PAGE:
En EspaŅol

Q. Who is Mr. Smarty Plants?

A: There are those who suspect Wildflower Center volunteers are the culpable and capable culprits. Yet, others think staff members play some, albeit small, role. You can torture us with your plant questions, but we will never reveal the Green Guru's secret identity.

Help us grow by giving to the Plant Database Fund or by becoming a member

Did you know you can access the Native Plant Information Network with your web-enabled smartphone?

Share

Ask Mr. Smarty Plants

Ask Mr. Smarty Plants is a free service provided by the staff and volunteers at the Lady Bird Johnson Wildflower Center.

Search Smarty Plants
    
 
See a list of all Smarty Plants questions
Can't find the answer in our existing FAQs, submit a question to Mr. Smarty Plants.
Need help with plant identification, visit the plant identification page.
 
rate this answer
Not Yet Rated

Wednesday - May 25, 2011

From: Bartlett, TX
Region: Southwest
Topic: Trees
Title: Does Mexican plum require more than one plant for successful pollination?
Answered by: Jimmy Mills

QUESTION:

Re: Mexican plums.. Do I need to plant more than 1 to ensure proper pollination? I have always been told that commercial plums need at least 2 to pollinate properly for consistent plum production. All the Mexican plums I have seen "in the wild" have been in pastures and along creek beds where there have usually been several within a couple or hundred yards.

ANSWER:

The Mexican Plum Prunus mexicana (Mexican plum) is the common wild plum of the forest-prairie border from Missouri to Texas. It is a monoecious species with perfect flowers ( each flower has both  stamens and pistils). Bees are the principal pollinators, and can pollinate the flowers on the same plant. If the plants are self-fertile, fruit will result. However, two of my botanical colleagues believe that this is not the case. This is also true of some hybrid varieties where it would be necessary to plant two varieties for proper pollination to occur.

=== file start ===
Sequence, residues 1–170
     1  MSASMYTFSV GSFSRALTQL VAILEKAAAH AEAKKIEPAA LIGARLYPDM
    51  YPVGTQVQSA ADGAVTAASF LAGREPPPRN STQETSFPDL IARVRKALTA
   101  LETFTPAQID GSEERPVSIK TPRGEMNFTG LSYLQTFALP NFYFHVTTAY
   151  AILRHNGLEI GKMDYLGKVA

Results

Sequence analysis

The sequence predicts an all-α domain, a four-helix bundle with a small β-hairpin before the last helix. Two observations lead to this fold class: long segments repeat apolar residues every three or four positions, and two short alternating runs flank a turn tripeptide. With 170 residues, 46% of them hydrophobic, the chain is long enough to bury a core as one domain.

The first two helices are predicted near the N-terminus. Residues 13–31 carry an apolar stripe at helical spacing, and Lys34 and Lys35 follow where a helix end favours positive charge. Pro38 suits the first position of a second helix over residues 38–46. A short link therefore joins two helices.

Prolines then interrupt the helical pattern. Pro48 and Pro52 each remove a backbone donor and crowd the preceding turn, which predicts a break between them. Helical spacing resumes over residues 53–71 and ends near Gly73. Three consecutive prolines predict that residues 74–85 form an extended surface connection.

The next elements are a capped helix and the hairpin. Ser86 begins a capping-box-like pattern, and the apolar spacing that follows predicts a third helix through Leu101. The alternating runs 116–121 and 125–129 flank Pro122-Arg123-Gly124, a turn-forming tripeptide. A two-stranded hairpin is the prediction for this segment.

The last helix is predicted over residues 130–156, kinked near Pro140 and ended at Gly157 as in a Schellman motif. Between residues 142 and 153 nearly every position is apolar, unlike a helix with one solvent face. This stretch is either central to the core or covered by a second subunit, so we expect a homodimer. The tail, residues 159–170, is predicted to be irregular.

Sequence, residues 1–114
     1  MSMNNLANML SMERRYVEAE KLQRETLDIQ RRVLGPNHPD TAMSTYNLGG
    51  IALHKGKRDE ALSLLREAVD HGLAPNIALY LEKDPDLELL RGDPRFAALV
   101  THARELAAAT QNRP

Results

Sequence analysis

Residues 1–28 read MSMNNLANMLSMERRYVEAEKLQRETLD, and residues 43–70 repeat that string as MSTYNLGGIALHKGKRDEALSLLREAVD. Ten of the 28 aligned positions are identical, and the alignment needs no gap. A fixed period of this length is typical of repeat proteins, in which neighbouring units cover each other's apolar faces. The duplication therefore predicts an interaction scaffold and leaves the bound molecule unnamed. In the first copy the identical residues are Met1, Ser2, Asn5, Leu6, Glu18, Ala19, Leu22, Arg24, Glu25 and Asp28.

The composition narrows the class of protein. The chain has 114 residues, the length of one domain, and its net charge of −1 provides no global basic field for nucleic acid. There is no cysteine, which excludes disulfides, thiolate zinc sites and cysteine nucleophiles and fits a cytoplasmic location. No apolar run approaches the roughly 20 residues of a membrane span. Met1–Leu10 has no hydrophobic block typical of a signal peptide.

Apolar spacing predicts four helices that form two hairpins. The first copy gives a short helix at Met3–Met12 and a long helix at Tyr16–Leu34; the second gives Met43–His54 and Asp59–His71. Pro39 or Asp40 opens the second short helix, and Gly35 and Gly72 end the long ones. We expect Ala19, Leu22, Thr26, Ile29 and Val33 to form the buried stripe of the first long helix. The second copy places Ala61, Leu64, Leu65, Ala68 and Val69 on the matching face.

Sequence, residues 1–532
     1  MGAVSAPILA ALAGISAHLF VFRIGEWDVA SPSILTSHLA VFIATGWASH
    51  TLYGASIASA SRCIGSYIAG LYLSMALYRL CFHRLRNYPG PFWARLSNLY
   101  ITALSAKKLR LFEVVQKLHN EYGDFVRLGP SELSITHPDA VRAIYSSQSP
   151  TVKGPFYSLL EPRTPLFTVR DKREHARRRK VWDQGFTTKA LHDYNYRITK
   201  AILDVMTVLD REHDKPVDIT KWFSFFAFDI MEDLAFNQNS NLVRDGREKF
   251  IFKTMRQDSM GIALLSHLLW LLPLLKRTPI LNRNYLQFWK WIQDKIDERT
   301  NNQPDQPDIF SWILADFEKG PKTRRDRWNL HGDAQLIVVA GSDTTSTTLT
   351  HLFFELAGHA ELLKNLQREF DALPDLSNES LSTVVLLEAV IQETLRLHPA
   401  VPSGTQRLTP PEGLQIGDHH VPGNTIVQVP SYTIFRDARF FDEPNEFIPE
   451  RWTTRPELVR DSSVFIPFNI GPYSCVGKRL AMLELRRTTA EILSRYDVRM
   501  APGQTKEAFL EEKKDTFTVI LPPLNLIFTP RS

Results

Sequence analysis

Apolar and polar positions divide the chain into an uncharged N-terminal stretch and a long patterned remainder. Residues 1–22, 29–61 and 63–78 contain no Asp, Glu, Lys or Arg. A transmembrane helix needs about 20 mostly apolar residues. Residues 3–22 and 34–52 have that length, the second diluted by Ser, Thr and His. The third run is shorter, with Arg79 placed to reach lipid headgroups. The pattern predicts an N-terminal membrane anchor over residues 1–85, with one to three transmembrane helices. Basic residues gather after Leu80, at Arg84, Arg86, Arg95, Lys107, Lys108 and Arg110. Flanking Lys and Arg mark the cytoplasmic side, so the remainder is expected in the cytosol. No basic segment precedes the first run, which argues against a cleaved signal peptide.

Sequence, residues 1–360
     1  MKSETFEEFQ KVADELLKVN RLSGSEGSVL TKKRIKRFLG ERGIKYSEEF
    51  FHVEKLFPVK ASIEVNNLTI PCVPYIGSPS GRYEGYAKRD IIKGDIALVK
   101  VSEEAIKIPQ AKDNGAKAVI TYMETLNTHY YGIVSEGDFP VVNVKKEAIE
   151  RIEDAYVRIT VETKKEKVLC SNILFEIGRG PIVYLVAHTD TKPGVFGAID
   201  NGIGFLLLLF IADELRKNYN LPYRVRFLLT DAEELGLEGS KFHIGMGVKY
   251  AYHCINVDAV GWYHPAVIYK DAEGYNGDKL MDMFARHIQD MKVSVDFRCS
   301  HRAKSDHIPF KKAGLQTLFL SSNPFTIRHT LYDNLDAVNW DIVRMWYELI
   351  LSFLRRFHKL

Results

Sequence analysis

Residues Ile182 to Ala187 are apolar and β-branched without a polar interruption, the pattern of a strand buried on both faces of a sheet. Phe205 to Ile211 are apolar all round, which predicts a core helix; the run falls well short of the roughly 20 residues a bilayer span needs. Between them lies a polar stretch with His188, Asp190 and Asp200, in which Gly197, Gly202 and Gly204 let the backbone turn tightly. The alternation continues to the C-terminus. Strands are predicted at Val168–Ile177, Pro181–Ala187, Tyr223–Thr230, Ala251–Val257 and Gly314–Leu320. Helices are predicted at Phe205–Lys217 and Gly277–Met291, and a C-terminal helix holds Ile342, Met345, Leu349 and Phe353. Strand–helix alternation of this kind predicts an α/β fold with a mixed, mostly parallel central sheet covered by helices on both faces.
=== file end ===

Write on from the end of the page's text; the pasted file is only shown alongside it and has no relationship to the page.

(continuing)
I’m recommending that you plant at least two trees. This may double your work at the beginning, but it will double your pleasure and double your fun when you see those trees in blossom and harvest those juicy plums.

Check out this link for some interesting facts about bees.


Prunus mexicana

Prunus mexicana

 


 

More Trees Questions

Double trunks on bur oaks in Houston
March 15, 2010 - I am involved in a garden club propagation project. One of the trees we have had success propagating is the Bur Oak. Two of these baby Bur Oaks have multi trunks..one has two and the other has three....
view the full question and answer

Tree ordinances re Magnolia Ladybird Johnson tree
July 02, 2006 - What exactly is a Ladybird Johnson tree? Also, is there any type of federal or state law(s) that prohibits the cutting, trimming or removal of a LadyBird Johnson tree? Thank you for your time!
view the full question and answer

Native plants for city lot in Longview, TX
March 19, 2008 - Just bought a city lot in Longview, TX and want to put in some plants at the periphery even before the house is built. Can you recommend any that would be from your list of East TX plants that are pa...
view the full question and answer

Leaves falling off recently transplanted mature Mountain Laurel
July 05, 2006 - I have recently purchased a Mountain Laurel for my backyard landscaping. It is a fully matured ML standing over 9 feet tall by 6 feet wide. Since it was planted (about 6 weeks ago) it has been losin...
view the full question and answer

Plants for under live oak in Houston
July 09, 2011 - Hi, We have a live oak in our back garden in Houston and would like to plant a combination of some native shrubs and flowers near it (preferably perennial). The garden bed is about 4 metres from the...
view the full question and answer

Smarty Plants's Facebook profile Support the Wildflower Center by Donating Online or Becoming a Member today.

Mr. Smarty Plants wants you to be his Facebook friend. Click the Facebook icon to add yourself to Mr. Smarty Plants list of friends.
E-NEWSLETTER | BECOME A MEMBER | DONATE NOW | MEDIA | SITEMAP
© 2014 Lady Bird Johnson Wildflower Center